rotating said rotatable polarizer by said first angle to align said transmission axis of said rotatable polarizer with the axis of orientation of said second diffraction grating.
22. The method of claim 19, further comprising:
unloading said first substrate from said positioning stage;
loading a second substrate on said positioning stage, said second substrate having a first diffraction grating to be measured;
measuring a second sample offset angle between said axis of motion of said positioning stage and the axis of orientation of said first diffraction grating on said second substrate to be measured; and
rotating said rotatable polarizer by said system offset angle and said second sample offset angle.
23. A method of calibrating a metrology device to compensate for a polarizer offset angle between the transmission axis of a rotatable polarizer and an axis of orientation of any diffraction grating to be measured, said metrology device having a positioning stage for positioning a diffraction grating for measurement, said metrology device having a system offset angle between the axis of polarization of said rotatable polarizer and an axis of motion of said positioning stage, wherein said system offset angle is adjusted to be zero, said method comprising:
loading a substrate with a diffraction grating onto said positioning stage;
measuring the sample offset angle between said axis of motion of said positioning stage and the axis of orientation of said diffraction grating; and
rotating said rotatable polarizer to compensate for said sample offset angle thereby aligning said transmission axis of said rotatable polarizer and said axis of orientation of said diffraction grating.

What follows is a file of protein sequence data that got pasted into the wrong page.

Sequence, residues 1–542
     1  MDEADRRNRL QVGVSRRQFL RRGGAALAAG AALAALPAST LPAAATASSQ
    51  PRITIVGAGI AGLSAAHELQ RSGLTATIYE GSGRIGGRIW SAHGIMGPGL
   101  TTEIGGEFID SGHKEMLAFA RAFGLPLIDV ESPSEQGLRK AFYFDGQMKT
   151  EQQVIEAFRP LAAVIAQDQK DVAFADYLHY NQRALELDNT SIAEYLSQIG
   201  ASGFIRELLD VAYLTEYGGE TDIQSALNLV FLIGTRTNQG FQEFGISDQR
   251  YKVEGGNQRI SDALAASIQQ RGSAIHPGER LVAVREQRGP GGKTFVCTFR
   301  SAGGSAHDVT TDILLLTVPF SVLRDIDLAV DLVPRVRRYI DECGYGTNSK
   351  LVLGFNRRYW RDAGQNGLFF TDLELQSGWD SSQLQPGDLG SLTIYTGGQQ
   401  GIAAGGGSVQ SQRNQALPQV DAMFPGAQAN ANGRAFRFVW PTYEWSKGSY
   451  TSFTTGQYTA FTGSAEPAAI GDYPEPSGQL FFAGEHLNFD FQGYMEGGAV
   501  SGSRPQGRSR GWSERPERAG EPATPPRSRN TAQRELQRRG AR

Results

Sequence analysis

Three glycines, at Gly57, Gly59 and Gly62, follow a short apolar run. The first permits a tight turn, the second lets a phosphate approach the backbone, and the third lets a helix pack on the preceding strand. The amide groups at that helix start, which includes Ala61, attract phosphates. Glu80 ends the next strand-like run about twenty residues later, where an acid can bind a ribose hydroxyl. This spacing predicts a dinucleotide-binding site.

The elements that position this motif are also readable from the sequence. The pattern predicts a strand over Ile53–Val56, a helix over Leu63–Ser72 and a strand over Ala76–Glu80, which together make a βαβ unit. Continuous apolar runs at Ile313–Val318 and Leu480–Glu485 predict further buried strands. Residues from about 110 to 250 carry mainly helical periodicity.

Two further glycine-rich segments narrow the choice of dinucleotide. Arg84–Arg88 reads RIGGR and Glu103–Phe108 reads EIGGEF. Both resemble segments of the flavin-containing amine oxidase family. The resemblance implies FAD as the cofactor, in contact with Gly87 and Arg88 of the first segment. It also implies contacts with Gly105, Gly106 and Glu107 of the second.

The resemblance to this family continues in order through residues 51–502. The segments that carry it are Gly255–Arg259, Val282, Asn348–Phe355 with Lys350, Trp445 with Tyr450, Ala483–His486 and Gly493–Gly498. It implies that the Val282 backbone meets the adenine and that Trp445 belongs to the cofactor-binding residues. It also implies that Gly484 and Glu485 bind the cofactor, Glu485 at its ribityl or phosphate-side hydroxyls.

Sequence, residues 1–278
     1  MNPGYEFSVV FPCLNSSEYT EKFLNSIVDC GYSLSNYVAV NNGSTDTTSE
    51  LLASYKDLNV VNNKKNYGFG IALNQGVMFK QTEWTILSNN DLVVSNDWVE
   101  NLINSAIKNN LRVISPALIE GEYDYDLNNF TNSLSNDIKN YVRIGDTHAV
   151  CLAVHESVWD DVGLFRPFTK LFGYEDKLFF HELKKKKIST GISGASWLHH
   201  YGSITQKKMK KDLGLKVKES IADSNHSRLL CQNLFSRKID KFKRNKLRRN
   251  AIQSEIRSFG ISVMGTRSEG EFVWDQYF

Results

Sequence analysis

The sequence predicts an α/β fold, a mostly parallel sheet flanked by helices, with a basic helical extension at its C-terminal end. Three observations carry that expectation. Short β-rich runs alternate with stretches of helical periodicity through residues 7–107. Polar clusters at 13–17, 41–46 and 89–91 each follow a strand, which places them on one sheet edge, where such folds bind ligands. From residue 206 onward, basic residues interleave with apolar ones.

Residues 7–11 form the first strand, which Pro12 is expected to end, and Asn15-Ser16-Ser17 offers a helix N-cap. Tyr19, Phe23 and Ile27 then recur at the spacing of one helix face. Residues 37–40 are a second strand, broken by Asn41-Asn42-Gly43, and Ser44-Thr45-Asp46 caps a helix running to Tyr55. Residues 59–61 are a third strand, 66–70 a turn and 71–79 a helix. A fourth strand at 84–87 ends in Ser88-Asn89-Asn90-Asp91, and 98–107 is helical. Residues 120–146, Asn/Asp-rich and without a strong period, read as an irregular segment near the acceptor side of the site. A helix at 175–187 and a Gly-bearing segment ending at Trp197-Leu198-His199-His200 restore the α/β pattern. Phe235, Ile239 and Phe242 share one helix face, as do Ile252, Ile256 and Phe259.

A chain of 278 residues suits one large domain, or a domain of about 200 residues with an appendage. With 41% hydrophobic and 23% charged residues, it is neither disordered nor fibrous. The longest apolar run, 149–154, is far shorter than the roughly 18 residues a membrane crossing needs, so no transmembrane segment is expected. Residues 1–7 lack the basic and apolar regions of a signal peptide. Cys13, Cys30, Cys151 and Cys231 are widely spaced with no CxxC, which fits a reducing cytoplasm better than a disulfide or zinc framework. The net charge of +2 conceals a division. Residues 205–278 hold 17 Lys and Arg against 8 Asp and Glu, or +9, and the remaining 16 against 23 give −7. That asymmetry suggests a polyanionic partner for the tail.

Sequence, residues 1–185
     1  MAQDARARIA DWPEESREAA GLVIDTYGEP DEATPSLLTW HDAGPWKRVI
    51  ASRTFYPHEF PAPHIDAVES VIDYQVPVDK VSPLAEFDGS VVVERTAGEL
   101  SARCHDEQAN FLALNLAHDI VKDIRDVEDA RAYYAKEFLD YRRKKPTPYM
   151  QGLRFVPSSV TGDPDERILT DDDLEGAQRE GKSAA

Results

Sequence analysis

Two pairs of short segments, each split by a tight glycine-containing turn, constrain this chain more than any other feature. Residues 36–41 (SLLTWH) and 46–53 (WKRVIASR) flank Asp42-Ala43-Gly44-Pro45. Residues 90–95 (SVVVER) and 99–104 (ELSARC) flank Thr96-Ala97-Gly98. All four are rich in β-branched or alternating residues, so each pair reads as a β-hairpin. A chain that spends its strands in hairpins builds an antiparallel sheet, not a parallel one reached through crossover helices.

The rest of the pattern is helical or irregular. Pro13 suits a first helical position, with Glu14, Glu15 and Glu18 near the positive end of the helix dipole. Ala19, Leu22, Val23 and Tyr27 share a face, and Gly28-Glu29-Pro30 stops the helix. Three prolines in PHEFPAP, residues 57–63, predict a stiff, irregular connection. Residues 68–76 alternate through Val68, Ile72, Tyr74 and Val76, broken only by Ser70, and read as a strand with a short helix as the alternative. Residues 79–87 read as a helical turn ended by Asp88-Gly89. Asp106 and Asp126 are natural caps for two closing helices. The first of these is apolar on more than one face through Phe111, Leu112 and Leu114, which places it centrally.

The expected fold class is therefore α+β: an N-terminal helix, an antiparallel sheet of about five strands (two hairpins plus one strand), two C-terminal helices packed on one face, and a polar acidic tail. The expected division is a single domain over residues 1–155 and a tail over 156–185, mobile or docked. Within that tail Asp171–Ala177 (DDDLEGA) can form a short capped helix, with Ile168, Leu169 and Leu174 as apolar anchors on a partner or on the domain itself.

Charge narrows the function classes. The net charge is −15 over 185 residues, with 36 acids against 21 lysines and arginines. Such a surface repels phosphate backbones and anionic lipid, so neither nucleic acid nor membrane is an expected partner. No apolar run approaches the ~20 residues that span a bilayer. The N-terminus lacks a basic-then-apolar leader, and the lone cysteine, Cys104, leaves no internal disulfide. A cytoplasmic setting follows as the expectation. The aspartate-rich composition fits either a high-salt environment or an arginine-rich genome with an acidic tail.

24. The method of claim 23, wherein said rotatable polarizer is rotated by said sample offset angle.
25. The method of claim 23, wherein said rotatable polarizer is rotated by said sample offset angle plus or minus 90 degrees.
26. The method of claim 23, further comprising:
rotating said positioning stage by a first angle to position a second diffraction grating on said substrate for measurement;
rotating said rotatable polarizer by said first angle to align said transmission axis of said rotatable polarizer with the axis of orientation of said second diffraction grating.
27. The method of claim 23, further comprising:
unloading said substrate from said positioning stage;
loading a second substrate on said positioning stage, said second substrate having a first diffraction grating to be measured;
measuring a second sample offset angle between said axis of motion of said positioning stage and the axis of orientation of said first diffraction grating on said second substrate to be measured; and
rotating said rotatable polarizer to compensate for said second sample offset thereby aligning said transmission axis of said rotatable polarizer and said axis of orientation of said first diffraction grating on said second substrate.
Description
CROSS REFERENCE TO RELATED APPLICATION

This application is a continuation of U.S. patent application Ser. No. 09/839,898, filed Apr. 20, 2001 now abandoned, entitled “Alignment Of A Rotatable Polarizer With A Sample”.

FIELD OF THE INVENTION